I wrote about the unintended consequences of artificially low rates a few months ago. A recent Wall Street Journal article examined another result of the ongoing stimulus – the unwillingness of big banks to loan to small businesses.
After all, banks exist to make money for their shareholders; ranking out tiny loans to non-Fortune 500 companies isn’t likely to move the needle. The result is the development of so-called shadow banks, which are much more willing to lend. According to the WSJ article, nonbank lenders now account for 26% of all loans to small businesses, up from 10% in 2009. But they charge much higher rates – often multiples of the typical 5% to 6% that banks levy.
A move by the Fed to raise rates would serve to increase the profit margin for such loans, making them more appealing to banks. The potential result is a reduction in borrowing costs for small businesses, assuming banks can gain market share from nonbank lenders.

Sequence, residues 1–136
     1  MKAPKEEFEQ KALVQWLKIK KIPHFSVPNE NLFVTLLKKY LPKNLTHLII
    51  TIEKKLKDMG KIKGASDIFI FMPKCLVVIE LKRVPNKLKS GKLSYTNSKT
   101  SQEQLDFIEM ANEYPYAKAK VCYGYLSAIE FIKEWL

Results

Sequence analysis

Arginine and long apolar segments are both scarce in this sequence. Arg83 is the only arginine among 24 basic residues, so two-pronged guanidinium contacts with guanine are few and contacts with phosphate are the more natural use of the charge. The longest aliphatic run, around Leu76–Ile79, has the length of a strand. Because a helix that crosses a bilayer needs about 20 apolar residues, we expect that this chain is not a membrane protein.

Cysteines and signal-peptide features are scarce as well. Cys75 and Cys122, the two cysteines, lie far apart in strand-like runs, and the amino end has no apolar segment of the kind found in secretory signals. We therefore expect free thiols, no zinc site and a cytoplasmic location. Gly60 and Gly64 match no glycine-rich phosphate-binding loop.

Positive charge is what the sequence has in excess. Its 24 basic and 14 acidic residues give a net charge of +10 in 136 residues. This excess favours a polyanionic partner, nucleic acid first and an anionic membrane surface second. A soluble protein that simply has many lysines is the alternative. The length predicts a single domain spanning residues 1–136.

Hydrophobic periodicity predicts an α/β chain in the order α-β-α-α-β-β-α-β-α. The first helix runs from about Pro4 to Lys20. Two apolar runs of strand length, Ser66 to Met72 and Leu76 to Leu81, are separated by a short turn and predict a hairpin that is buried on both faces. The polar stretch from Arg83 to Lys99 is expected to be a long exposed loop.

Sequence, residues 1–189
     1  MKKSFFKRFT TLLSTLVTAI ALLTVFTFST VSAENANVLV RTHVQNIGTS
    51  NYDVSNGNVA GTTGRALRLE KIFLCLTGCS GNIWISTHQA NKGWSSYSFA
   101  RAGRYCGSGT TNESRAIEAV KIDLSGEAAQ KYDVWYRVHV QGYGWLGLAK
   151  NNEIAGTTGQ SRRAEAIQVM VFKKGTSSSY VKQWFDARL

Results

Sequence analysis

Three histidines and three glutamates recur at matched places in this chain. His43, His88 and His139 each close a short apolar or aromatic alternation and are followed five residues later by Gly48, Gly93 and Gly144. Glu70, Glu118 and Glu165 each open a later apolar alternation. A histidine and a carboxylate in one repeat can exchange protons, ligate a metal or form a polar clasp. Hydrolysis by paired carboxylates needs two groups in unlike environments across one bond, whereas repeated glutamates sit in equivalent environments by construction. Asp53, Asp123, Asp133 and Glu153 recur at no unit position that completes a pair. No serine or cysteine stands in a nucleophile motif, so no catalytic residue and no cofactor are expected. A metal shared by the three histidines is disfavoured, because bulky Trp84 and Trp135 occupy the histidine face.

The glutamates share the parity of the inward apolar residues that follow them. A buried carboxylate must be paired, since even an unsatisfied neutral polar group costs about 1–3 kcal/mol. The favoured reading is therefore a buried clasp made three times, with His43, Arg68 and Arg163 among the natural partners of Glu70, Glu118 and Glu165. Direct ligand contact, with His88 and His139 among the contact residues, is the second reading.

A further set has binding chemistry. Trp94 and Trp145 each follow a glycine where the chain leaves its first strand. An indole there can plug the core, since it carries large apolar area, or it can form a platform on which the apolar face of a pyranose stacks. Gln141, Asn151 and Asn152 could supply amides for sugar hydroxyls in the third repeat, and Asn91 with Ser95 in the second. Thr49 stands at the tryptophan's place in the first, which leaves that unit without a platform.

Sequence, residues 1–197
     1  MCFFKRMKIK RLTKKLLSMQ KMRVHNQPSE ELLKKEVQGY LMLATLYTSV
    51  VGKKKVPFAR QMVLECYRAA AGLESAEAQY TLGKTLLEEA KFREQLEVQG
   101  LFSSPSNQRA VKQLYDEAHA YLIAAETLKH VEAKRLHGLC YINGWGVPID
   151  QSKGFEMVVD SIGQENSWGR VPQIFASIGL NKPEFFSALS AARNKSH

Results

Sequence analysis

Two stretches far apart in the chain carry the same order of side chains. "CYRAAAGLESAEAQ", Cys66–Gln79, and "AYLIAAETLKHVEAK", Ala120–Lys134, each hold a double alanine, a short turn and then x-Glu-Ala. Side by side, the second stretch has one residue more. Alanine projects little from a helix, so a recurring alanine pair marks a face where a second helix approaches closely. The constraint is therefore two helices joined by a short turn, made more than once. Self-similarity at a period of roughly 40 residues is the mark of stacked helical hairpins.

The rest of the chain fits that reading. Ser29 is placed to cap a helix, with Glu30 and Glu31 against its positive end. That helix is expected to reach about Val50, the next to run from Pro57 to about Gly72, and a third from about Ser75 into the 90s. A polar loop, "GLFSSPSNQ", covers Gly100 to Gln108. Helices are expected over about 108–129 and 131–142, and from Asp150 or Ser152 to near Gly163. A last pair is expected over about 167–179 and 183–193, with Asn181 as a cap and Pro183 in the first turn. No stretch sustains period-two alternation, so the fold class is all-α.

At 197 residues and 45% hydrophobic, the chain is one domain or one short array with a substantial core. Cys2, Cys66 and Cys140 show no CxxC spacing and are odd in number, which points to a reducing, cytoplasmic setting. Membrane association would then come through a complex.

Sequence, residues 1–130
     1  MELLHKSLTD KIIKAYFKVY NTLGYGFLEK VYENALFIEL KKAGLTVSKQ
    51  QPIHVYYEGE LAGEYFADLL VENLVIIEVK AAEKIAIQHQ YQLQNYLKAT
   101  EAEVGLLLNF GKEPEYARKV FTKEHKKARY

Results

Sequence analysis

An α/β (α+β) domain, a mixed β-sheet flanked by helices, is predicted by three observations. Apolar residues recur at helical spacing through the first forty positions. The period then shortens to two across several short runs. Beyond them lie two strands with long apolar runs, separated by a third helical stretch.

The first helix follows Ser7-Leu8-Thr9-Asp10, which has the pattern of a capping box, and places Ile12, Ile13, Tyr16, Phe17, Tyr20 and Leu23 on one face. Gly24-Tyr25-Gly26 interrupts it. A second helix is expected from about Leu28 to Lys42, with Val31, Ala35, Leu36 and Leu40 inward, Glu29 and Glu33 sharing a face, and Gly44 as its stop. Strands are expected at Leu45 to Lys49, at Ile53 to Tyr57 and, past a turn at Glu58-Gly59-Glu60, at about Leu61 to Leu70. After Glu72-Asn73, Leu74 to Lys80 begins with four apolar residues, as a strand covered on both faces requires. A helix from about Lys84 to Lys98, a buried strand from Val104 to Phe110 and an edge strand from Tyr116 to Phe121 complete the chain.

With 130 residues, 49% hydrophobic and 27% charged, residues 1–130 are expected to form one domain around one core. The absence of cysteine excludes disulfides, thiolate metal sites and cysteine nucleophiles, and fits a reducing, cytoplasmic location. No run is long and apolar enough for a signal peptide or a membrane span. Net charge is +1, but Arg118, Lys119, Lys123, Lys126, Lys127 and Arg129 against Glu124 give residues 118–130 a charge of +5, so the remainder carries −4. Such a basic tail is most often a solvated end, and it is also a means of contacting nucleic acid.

So in the economically unusual scenario known as quantitative easing, rising rates might actually stimulate economic growth.
How will investors fare in a higher rate regime? As I’ve mentioned several times before, stocks actually perform pretty well as rates rise. And if the housing market can keep it together in the face of pricier mortgages, higher rates might be the catalyst this economy needs.